German scepticism on debt deal grows
German politicians have drawn a line through Irish hopes of extending EU loan repayments by up to 15 years.
Norbert Barthle, a political confidante of Chancellor Angela Merkel, warned that such a debt concession would “undermine the credibility” of Ireland’s EU-ECB-IMF programme and was unlikely to find support in Berlin.
“A considerable extension of the average loan period would send the wrong signal, particularly as Ireland only recently experienced relief though the restructuring of debt notes,” said Mr Barthle, budgetary spokesman for the ruling Christian Democrats.
Earlier this week, EU finance ministers agreed in principle to look at extending the maturity of bailout loans to Ireland and Portugal. The European Commission, the European Central Bank and the International Monetary Fund will prepare a report and finance ministers will discuss the proposal next month.
A federal finance ministry spokesperson said Berlin would “examine proposals when they are available and then decide”.
Any adjustment to the terms of EU-ECB-IMF loans to Ireland require the agreement of all EU member states and Mr Barthle said he “could not imagine that the Bundestag would agree” to anything drastic.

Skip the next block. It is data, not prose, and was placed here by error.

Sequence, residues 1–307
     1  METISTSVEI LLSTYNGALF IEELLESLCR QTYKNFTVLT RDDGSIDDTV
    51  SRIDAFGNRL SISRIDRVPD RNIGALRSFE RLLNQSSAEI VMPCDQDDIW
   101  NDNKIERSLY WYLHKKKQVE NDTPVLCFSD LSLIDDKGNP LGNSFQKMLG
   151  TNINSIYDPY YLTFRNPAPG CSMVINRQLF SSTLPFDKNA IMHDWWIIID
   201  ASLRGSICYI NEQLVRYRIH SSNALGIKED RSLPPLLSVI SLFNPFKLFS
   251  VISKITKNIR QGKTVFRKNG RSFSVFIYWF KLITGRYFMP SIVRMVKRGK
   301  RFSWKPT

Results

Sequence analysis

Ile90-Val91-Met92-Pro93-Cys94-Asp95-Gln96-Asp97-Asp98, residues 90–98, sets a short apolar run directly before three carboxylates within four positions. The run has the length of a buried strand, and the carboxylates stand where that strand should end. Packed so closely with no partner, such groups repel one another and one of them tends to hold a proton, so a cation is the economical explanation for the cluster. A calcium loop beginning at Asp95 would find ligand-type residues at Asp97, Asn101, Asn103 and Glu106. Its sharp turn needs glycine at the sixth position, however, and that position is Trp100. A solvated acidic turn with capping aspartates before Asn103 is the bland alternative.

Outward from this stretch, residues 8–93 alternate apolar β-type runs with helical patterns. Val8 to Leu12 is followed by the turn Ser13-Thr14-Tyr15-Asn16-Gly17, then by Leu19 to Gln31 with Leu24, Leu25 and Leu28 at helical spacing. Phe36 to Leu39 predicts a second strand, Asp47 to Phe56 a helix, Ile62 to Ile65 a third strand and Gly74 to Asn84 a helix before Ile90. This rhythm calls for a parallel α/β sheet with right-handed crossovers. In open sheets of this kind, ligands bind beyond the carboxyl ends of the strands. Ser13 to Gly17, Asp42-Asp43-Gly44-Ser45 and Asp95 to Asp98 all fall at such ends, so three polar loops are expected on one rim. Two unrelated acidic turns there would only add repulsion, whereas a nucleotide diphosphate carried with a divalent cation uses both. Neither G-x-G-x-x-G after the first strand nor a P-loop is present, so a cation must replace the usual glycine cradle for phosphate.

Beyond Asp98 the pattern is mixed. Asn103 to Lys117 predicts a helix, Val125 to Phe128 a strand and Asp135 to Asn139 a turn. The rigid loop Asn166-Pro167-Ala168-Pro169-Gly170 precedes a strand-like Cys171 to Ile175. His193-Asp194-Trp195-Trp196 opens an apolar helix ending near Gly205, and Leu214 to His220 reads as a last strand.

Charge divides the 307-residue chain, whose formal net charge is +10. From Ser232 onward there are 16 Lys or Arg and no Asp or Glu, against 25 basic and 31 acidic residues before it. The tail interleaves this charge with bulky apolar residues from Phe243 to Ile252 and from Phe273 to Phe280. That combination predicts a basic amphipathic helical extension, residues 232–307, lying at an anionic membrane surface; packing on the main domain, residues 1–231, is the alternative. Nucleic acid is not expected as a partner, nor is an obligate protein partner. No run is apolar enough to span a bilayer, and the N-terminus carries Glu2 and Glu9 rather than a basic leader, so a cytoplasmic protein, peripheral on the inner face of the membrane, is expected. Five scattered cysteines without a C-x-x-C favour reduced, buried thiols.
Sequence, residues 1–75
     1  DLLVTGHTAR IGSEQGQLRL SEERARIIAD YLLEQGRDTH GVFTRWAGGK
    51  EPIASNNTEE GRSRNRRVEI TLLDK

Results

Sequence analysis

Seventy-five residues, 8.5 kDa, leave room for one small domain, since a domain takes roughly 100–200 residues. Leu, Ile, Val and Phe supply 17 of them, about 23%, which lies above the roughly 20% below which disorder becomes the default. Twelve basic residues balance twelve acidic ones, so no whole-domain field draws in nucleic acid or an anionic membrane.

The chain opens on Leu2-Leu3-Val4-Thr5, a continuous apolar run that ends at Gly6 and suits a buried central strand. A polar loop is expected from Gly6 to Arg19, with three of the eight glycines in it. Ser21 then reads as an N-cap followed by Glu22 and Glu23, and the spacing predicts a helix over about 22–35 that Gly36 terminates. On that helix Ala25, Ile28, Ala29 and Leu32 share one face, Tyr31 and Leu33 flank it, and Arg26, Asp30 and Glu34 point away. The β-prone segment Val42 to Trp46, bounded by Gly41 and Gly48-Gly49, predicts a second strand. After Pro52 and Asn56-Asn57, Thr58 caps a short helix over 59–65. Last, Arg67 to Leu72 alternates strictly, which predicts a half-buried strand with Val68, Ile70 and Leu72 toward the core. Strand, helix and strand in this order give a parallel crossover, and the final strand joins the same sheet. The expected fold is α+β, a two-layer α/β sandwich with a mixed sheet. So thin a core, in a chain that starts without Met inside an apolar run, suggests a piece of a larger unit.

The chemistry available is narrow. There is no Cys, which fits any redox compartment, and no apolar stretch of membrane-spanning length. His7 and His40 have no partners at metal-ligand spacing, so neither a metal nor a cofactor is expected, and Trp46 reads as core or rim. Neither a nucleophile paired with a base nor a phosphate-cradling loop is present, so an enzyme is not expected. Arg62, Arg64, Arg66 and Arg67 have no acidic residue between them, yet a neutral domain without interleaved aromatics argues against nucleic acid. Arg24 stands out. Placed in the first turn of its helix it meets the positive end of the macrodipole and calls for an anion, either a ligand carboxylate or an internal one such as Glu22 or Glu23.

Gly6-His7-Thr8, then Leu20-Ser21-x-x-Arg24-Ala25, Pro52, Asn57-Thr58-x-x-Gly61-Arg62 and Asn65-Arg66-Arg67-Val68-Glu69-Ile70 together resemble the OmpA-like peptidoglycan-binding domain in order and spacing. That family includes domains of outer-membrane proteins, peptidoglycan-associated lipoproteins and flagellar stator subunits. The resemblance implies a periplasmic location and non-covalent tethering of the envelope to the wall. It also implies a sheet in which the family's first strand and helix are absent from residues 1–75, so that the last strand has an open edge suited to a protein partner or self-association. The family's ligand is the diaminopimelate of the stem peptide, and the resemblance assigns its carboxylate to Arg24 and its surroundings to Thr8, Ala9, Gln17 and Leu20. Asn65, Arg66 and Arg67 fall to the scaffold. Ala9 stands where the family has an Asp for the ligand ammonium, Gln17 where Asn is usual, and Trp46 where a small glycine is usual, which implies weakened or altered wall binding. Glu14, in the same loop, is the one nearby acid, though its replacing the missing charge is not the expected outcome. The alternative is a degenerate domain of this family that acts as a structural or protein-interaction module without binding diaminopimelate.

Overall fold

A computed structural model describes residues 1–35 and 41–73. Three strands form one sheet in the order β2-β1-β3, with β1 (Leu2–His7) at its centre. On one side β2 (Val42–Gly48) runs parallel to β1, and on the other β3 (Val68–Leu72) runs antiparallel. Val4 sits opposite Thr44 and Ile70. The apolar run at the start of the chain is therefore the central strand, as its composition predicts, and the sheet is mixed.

“Smaller retuning efforts, such as easing the repayment profile, could be sensible to ease countries’ return to financial markets,” he said.
A month after agreement to recast Ireland’s promissory notes, resistance is growing in Germany to any more bailout adjustments for Ireland.
Few understand the technical detail of the promissory note deal but, in financial and media circles, there is a widespread view that the agreement broke ECB rules.
“Through this questionable manoeuvre,” thundered public broadcaster ARD this week, “there is now no separation between fiscal and monetary policy.”
Seven months before federal elections, German MPs from all parties are wary of having to face voters after being seen to have waved through further concessions to Ireland or any other programme country.
Behind the caution towards Ireland’s request is a concern, across party lines, that Portugal will demand similar loan adjustments. “This me-too effect is dangerous because, when you start with concessions to Ireland, you soon face demands from Italy,” said one senior government source.